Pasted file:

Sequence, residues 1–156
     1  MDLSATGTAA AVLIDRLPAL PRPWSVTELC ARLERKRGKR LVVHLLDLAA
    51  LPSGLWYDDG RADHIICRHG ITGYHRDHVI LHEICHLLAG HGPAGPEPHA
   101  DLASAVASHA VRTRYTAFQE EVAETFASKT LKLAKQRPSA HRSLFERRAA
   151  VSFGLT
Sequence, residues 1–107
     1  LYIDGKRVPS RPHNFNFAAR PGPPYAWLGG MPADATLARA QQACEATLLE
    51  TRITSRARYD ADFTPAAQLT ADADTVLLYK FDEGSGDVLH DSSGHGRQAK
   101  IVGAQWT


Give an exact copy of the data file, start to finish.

Sequence, residues 1–156
     1  MDLSATGTAA AVLIDRLPAL PRPWSVTELC ARLERKRGKR LVVHLLDLAA
    51  LPSGLWYDDG RADHIICRHG ITGYHRDHVI LHEICHLLAG HGPAGPEPHA
   101  DLASAVASHA VRTRYTAFQE EVAETFASKT LKLAKQRPSA HRSLFERRAA
   151  VSFGLT
Sequence, residues 1–107
     1  LYIDGKRVPS RPHNFNFAAR PGPPYAWLGG MPADATLARA QQACEATLLE
    51  TRITSRARYD ADFTPAAQLT ADADTVLLYK FDEGSGDVLH DSSGHGRQAK
   101  IVGAQWT